This Mexican restaurant is a favorite amongst locals and tourists alike. Get your taco fix here and score lunch special deals, like €8.50 for 3 tacos, coffee, and a fresh juice! Vegetarian taco options are available. They also have a great cocktail menu with strong tequila and mezcal drinks that pair perfectly with your tacos.
If you’re vegan, or just looking to try some vegan food, Ao 26 is the place for you. Many Trip Advisor reviewers claim they’ve had some of the best vegan food in Lisbon here, and some even say it’s the best vegan food they’ve ever had! You’ll find lots of vegan versions of traditional Portuguese dishes, even seafood ones. From vegan burgers to salads to desserts, they’ve got you covered.
Nightlife in Lisbon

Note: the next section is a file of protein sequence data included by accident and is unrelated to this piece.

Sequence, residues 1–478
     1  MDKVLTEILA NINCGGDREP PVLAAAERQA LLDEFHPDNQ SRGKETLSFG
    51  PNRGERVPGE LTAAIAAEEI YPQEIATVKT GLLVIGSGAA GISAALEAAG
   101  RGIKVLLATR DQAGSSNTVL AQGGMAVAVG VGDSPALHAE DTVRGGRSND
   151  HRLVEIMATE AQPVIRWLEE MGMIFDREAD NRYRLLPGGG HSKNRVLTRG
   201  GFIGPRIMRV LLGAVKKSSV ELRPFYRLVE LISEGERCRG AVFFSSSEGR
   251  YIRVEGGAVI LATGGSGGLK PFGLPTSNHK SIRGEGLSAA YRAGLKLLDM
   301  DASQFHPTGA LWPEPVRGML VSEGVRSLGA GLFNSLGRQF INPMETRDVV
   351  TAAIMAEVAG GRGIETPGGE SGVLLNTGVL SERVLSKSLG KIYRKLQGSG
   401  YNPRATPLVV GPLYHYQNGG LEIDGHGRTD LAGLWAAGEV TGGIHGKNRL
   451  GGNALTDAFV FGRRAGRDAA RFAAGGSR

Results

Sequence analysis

Pink Street, which is literally a pink street, used to be Lisbon’s red light district. Now, it’s the home of plenty of clubs and bars perfect for bar hopping. Check out quirky Burlesque style Pensao Amor, Music Box for live music and guest DJs, and 4 Caravelas for specialty cocktails. With the wide array of bars on this street, you’ll be sure to find something that suits your fancy.
Bairro Alto is arguably the most popular neighborhood for going out in Lisbon. They’ve got something every type of music lover, from mellow jazz clubs like Paginas Tantas to o 36 which is one of Lisbon’s best spots for hip hop. For late night dancing head to Cheers Irish Pub & Disco, where you can get your groove on from 11PM until 4AM.
Nightclubs in Lisbon
In general, Lisbon is pretty big on nightclubs, and you have no shortage of spots to choose from if you’re looking to dance all night. At most of these clubs, the action won’t get started until after midnight. Some of the most famous and popular club are Lux Fragil (AKA Lux) and Incognito which have both been Lisbon nightlife staples for years.